Decadence drives the recent work of Joseph Stashkevetch at Von Lintel — decadence as a theme and as a visual idiom. The drawings, at their most illustrative, make a forceful, graphic case against overconsumption and excess.
"All You Can Eat" blares the message through its 10-foot-tall dystopic montage of muscle, might and waste. Everything piles atop everything else, all of it resting on a bed of animal carcasses. Front and center, a car spills its mechanical guts and a drainage or sewage pipe vomits at our feet.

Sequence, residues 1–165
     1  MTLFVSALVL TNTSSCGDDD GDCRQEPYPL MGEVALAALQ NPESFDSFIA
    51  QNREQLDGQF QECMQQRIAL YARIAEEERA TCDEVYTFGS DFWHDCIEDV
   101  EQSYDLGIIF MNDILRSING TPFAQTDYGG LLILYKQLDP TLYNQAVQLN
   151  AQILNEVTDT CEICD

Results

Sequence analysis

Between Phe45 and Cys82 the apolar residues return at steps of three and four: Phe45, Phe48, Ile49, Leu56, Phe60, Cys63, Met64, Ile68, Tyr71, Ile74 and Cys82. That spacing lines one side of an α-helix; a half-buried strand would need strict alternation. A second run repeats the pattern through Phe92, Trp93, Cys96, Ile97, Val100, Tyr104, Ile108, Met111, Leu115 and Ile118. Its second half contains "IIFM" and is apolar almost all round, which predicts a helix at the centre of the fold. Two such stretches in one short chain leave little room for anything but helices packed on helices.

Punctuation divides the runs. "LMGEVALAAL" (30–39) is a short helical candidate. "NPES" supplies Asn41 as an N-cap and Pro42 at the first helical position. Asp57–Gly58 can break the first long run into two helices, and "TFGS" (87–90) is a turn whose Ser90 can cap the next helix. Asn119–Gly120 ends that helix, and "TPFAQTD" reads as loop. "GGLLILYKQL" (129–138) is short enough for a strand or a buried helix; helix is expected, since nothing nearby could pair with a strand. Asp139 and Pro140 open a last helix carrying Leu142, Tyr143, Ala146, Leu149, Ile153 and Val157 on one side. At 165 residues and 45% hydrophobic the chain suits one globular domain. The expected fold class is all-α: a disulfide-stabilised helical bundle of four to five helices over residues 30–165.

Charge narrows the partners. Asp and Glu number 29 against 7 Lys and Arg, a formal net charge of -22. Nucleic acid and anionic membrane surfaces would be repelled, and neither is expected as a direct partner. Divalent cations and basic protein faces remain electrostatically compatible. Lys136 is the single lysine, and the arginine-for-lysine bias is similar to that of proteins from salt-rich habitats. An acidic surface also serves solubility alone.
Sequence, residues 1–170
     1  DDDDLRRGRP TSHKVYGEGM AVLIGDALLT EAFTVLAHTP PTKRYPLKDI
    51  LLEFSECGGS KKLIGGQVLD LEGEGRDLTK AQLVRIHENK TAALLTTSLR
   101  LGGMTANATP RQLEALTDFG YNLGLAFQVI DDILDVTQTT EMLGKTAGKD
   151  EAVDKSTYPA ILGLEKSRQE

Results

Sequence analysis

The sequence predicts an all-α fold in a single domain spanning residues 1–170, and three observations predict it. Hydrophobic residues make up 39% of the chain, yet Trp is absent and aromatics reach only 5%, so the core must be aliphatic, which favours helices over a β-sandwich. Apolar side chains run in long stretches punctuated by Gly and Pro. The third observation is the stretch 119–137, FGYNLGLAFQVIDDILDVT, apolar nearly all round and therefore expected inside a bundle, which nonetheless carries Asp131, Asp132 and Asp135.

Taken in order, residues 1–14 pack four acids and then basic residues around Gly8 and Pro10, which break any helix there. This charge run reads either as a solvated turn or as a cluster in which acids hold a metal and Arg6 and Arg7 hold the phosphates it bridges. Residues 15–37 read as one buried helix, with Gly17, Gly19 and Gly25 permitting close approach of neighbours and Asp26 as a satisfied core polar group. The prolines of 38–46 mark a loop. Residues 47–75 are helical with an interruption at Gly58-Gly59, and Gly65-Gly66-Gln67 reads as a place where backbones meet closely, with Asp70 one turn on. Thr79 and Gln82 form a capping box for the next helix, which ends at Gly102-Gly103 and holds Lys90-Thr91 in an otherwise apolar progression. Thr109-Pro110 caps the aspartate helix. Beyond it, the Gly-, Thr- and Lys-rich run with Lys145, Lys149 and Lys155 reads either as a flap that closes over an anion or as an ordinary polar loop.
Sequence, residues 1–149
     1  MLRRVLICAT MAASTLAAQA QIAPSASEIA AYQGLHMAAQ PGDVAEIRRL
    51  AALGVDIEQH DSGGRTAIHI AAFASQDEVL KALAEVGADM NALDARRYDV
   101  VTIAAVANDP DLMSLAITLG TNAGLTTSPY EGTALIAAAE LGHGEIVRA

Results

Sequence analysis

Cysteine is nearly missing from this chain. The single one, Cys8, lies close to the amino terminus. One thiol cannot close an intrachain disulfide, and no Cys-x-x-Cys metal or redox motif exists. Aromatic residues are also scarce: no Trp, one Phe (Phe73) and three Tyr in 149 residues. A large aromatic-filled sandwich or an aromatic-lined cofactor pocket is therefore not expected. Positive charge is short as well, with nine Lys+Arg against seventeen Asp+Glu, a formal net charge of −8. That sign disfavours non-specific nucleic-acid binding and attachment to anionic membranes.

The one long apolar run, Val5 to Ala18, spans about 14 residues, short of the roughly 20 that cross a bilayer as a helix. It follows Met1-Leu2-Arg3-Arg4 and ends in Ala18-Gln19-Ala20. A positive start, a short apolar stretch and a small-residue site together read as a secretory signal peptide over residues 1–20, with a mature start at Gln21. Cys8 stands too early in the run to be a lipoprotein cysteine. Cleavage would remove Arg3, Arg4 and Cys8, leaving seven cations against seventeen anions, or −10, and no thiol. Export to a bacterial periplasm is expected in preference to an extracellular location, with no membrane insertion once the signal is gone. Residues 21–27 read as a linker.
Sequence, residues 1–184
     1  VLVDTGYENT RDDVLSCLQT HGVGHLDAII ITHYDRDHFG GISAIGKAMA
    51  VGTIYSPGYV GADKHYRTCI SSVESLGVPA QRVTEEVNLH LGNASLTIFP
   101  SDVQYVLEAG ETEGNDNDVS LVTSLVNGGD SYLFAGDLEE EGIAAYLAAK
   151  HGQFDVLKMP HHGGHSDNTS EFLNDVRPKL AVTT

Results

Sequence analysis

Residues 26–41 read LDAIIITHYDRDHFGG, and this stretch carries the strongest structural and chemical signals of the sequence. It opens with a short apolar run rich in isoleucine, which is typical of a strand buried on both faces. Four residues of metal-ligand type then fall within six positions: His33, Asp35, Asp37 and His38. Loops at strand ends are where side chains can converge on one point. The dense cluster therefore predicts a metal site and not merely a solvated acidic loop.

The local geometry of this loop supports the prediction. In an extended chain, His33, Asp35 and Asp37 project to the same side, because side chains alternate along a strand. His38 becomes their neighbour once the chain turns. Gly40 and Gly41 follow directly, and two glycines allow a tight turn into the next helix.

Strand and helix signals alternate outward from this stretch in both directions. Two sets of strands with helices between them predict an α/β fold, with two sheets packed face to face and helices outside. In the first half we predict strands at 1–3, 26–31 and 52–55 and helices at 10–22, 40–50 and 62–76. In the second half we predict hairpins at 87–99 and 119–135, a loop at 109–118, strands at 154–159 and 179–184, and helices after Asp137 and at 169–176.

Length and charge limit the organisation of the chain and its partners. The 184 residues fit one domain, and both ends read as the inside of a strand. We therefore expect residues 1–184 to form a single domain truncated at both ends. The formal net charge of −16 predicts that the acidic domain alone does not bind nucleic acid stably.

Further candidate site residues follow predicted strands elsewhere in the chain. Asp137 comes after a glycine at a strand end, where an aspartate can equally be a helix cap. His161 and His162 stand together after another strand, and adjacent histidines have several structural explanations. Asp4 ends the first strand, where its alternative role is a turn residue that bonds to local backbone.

However impressive this spectacle, Stashkevetch's work is at its best and most viscerally affecting when the New York-based artist evokes the atmosphere and texture of decadence rather than detailing the causes of cultural decline.
In several gorgeous, haunting pieces, he layers drawings of floral wallpaper one atop another, the outermost layer cracking, curling and peeling away like sloughed skin. The renderings, in conté crayon on heavy rag paper, are lavish feasts for the eye, all velvety, ashy blacks and foggy, smoky grays, lush sensuality from edge to edge.
Wallpaper is an ornamental veneer, a cover, a metaphor perhaps for the kind of superficial beauty that can mask unsavory qualities and vulnerabilities. When Stashkevetch compromises these rapturously embellished surfaces, making them heave with exhaustion, he taps into the universal power of mortality itself.